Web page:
Movie Review: “Elvira’s Haunted Hills” (2001)

This is a parody of the Edgar Allan Poe-inspired Roger Corman/Vincent Price films. It stars Elvira as… Elvira. All right, so technically the actress is named Cassandra Peterson, but she really does have a unique persona when she dons the black wig. (If you don’t know who Elvira is, well, I think the poster pictured here gives you a pretty good idea of what she’s all about.)

Anyway, Elvira is on her way to open a revue in Paris when she and her servant Zou Zou are picked up by a coach traveling through the Carpathian Mountains. The coach’s passenger is a charming man named Dr. Bradley, who is bound for the remote Castle Hellsubus, the inhabitants of which are all suffering from mysterious neuroses brought on by the family curse.

Elvira handles the situation with her trademark campy, vampy, valley-girl cluelessness, which is amusing enough. What really makes the thing tick, however, are the supporting cast, all of whom do a great job in their roles as stock characters straight out of a Gothic melodrama. But Scott Atkinson as Dr. Bradley just about steals the show with his uncanny channeling of Vincent Price. He absolutely nails Price’s distinctive mannerisms and tone.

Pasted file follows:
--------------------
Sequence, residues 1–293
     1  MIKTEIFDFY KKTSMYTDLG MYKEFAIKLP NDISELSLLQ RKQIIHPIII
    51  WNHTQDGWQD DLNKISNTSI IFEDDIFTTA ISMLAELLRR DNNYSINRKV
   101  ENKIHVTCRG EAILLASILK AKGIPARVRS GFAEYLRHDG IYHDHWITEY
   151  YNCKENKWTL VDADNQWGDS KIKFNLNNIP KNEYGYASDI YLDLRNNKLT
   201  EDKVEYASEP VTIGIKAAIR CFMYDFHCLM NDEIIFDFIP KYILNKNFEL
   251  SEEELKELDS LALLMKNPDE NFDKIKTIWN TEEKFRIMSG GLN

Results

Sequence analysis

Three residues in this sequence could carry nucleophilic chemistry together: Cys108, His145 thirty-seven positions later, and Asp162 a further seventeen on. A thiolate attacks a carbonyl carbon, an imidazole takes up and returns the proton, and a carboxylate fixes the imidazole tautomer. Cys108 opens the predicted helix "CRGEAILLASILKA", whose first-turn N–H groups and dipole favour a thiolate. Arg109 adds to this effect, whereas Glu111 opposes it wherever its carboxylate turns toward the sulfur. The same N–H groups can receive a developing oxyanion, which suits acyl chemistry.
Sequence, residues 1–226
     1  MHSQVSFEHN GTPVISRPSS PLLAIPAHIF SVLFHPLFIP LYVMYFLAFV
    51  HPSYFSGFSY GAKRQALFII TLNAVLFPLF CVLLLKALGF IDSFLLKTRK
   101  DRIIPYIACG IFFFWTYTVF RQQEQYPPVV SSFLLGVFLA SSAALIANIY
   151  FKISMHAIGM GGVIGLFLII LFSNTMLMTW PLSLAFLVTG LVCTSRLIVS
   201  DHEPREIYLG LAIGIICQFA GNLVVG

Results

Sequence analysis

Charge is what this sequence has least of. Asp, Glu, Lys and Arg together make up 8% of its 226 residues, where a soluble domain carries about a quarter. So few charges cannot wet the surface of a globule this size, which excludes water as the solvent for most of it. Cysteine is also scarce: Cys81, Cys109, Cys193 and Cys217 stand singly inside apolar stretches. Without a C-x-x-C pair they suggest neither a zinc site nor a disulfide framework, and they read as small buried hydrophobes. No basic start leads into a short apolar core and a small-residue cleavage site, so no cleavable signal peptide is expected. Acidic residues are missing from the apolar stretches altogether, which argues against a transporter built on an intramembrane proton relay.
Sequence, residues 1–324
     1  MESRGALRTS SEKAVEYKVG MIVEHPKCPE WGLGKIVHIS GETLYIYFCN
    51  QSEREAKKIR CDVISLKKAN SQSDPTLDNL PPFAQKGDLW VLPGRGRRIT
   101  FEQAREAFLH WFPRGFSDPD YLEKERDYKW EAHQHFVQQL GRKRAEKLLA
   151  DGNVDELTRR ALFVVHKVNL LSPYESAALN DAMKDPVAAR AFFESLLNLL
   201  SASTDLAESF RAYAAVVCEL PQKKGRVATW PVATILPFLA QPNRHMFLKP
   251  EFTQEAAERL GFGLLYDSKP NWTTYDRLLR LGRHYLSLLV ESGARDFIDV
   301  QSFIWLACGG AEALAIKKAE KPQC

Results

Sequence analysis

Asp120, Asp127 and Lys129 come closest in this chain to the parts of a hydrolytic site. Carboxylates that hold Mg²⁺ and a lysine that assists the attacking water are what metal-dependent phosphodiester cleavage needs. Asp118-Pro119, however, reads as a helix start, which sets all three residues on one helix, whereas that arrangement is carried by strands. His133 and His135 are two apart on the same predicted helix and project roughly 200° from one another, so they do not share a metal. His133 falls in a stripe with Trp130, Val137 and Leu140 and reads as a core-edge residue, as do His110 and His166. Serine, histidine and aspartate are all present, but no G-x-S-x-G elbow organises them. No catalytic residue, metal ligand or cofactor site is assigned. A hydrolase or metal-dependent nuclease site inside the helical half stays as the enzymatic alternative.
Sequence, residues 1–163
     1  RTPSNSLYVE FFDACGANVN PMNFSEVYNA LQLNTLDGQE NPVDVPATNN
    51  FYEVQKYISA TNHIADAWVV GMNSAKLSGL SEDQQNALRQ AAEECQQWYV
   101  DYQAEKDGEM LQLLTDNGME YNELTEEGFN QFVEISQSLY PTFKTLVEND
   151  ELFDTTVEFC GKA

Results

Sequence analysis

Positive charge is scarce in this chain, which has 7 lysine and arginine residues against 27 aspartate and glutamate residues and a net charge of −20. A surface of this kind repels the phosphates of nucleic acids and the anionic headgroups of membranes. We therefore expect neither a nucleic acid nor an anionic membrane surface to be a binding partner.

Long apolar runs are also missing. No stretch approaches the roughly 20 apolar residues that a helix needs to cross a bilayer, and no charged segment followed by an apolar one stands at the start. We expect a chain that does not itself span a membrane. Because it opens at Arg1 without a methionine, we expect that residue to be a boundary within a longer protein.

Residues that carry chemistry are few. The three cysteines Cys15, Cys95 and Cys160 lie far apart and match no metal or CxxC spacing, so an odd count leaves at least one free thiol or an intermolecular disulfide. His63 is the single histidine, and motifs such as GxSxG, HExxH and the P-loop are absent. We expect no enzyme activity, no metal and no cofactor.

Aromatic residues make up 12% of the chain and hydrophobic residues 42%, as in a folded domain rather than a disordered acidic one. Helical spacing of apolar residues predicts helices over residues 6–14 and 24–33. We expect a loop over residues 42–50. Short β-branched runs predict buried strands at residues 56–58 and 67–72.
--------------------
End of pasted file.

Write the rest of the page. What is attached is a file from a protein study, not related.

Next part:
There are spoofs of most of the classic Poe horrors, from The Cask of Amontillado to the crumbling mansion of The Fall of the House of Usher to The Pit and the Pendulum. No points for guessing how Elvira deals with that situation.

Admittedly, your enjoyment of the film may depend to a degree on how much humor you feel can be derived from the basic premise “this woman has large breasts.” Because they, er, milk that joke for all it’s worth, and then some. But for me, the real humor is how well the film manages to mimic the atmosphere of the Poe/Corman/Price series, while also poking affectionate fun at it. There are some genuinely creepy scenes in it–at least, until Elvira’s antics turn them into music hall routines.

If you like the Corman films, as I do, you’ll probably get a kick out of this one. It’s clear that everyone involved was having fun and had great admiration for their source material, and it’s always enjoyable to share a good-natured laugh at something with someone else who appreciates it. In short, the movie is better than it really had any business being.


What's your stake in this, cowboy?